Photo: Adam CC BY-NC 2.0
Developments in Cuba
After the revolution in 1959, Cuba was ruled for fifty years by Fidel Castro, who has enabled Cuban communism to outlast both the extensive sanctions of the United States and the fall of the Berlin Wall. Since 2008, Cuba has been led by Fidel Castro's brother, Raúl Castro, who has attempted to overcome the country's financial problems through reforms towards a market economy.
The Cuban revolution of 1959 was a result of broad popular discontent that had accumulated over many decades, culminating during Fulgencio Batista's time as the country's leader. In 1959, Batista was overthrown by Fidel Castro's guerrilla army, beginning a long period of Communist power and sweeping changes in Cuban society.
The Cuban constitution establishes that no parties other than the Communist Party of Cuba are allowed. Fidel Castro was First Secretary of the Communist Party of Cuba until 2011 after having been in power for more than 50 years.
The Cuban economy was long based on preferential economic agreements with the Eastern Bloc. The fall of communism in Eastern Europe had disastrous consequences for the country, which had to start paying world market prices for the oil it imported from the Soviet Union at the same time as Cuba received less for its sugar exports. In five years, Cuba's GDP fell by between 35 and 50 per cent.
Slow market economic reforms
In 2008, Fidel Castro's brother Raúl assumed the post of Cuban President. Raúl Castro's time as head of state and head of government has been characterised by attempts to get Cuba's ruined economy back on its feet through cautious reforms towards a market economy. The regime has opened up for Cubans to conduct private activities in just over 200 occupations, mainly within the service sector. The private rental of homes is allowed, companies may employ labour, and self-employed persons can apply for credit. The exit permit requirement for the majority of Cubans who want to travel abroad has also been abolished.
But privatisation is not moving at the planned pace, and many cuts in the state sector have had to be postponed. In 2016, 500,000 Cubans were working in the private sector, of whom almost one fifth were self-employed and the rest employees.
Relations between Cuba and the United States have been characterised by the embargo that was gradually introduced by the United States in the early 1960s. In the 2010s, the Barack Obama administration introduced the easing of these sanctions. Cuban-Americans may now travel to Cuba without restrictions, the maximum limit for remittances to Cuba has been removed, and U.S. telecommunications companies may enter into agreements with Cuba. The two countries' interests sections have been upgraded to embassies, and the United States has removed Cuba from its list of state sponsors of terrorism.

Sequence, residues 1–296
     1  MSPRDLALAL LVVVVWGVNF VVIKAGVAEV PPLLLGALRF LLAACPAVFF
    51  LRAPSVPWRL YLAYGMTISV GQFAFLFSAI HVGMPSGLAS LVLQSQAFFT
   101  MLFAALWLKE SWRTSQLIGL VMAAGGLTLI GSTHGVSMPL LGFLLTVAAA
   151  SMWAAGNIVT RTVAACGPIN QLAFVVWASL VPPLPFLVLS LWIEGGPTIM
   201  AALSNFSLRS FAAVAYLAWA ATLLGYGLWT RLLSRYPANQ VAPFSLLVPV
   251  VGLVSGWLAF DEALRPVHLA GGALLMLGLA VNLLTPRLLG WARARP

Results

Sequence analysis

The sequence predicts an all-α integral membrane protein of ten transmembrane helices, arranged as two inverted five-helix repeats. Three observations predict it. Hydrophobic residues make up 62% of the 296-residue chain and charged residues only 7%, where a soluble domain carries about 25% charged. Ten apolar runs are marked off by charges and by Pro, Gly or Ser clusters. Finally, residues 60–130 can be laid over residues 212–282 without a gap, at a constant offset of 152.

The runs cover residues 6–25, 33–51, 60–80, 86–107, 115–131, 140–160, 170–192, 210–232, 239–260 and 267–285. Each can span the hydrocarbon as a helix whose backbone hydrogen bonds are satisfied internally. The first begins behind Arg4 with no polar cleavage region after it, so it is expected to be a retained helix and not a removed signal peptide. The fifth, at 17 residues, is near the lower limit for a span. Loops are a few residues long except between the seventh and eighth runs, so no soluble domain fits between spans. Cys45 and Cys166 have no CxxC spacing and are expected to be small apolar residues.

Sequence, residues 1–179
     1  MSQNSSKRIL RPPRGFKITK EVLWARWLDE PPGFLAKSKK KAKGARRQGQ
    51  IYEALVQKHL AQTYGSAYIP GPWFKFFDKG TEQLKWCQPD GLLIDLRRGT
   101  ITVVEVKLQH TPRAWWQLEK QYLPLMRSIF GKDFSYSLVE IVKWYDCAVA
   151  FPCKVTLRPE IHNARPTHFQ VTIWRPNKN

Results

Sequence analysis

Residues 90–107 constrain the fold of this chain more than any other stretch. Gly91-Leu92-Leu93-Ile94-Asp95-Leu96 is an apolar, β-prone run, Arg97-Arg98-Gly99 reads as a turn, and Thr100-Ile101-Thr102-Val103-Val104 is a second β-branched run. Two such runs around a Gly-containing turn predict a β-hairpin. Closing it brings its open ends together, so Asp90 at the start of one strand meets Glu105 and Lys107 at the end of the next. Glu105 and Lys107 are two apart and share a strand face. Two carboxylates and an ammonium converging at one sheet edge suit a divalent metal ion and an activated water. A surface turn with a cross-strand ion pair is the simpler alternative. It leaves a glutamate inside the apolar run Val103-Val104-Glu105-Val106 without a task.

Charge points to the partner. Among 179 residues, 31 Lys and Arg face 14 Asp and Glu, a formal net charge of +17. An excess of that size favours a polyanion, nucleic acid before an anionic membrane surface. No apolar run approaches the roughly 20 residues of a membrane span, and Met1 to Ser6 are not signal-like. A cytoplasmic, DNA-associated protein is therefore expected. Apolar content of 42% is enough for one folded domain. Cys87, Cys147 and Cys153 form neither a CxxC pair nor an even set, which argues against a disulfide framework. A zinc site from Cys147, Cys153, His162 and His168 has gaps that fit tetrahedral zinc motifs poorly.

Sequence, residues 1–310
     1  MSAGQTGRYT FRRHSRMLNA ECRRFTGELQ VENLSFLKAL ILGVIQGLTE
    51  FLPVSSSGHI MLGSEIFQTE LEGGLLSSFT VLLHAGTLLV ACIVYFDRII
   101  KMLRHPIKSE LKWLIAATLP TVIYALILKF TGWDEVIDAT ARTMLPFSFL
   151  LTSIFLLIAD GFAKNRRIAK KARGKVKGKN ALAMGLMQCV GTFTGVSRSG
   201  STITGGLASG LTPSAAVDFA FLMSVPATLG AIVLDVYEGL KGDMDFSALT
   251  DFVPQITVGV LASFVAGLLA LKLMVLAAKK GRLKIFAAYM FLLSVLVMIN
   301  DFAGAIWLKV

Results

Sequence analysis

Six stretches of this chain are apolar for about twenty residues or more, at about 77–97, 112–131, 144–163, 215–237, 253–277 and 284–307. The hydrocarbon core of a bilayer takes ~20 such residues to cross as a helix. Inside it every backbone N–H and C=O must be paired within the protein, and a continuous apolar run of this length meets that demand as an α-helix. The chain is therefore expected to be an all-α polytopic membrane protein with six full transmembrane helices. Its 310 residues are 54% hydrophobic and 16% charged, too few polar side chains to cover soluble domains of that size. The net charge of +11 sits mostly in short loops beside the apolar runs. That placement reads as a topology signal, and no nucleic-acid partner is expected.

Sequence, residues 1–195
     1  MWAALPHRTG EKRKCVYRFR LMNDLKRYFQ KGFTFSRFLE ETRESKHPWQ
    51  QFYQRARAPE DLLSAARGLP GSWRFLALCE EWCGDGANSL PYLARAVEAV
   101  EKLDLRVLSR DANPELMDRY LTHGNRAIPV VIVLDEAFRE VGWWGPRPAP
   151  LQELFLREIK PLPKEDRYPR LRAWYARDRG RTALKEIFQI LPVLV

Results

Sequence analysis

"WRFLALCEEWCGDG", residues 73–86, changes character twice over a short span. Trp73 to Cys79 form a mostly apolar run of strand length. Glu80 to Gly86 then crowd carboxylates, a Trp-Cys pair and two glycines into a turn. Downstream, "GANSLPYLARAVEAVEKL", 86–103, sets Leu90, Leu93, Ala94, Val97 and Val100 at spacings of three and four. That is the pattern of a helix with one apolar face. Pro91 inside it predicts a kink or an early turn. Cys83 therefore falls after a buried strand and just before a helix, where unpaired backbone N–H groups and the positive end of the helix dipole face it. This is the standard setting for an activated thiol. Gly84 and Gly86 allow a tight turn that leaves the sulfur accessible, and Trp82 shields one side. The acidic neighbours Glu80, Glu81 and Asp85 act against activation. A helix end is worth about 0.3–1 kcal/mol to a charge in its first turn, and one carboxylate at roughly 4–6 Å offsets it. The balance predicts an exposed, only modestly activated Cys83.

Difficult questions that remain are the compensation for expropriated American property in Cuba, the return of the Guantánamo base and the very lifting of the embargo, which can only be done by the United States Congress.
Export of healthcare personnel an important source of income
The embargo has meant that Cuba is excluded from international financial institutions such as the World Bank and the International Monetary Fund (IMF). Today, Cuba's largest revenues consist of exports of services in the health sector (30,000 Cuban doctors and other healthcare personnel work in Venezuela), tourism and remittances. In 2015, three and a half million tourists visited Cuba.
The Cuban health and education areas have long maintained a high standard, but there has been significant deterioration in recent years for financial reasons. Many of the best medical specialists leave the country because of the low wages.
Life expectancy is among the highest in the region, and the literacy rate is very high. Unemployment is low, but most Cubans have very low incomes and lack the opportunity to themselves improve their life situation. A lack of means of transport and goods, high prices on imported consumer products and overcrowding create tensions in society. Ration cards for food are still in use.
Cuba is a one-party state, and organised political opposition is not permitted. Arbitrary interrogations, brief periods of arrest and harassment with respect to dissidents and opposition figures are common. Cuba has no freedom of expression, freedom of the press and freedom of association. All mass media are state property. The spreading of "counter-revolutionary" information incurs severe penalties. Both the availability and use of the internet is restricted by legislation. The country has signed the UN’s International Covenant on Economic, Social and Cultural Rights and the International Covenant on Civil and Political Rights, but has not yet ratified them.
Around a hundred political prisoners were released from Cuban prisons in 2010–2011 in an agreement between the Cuban regime, the Catholic Church in Cuba, and Spain. A further 53 political prisoners were released in 2015 as a result of negotiations between the United States and Cuba.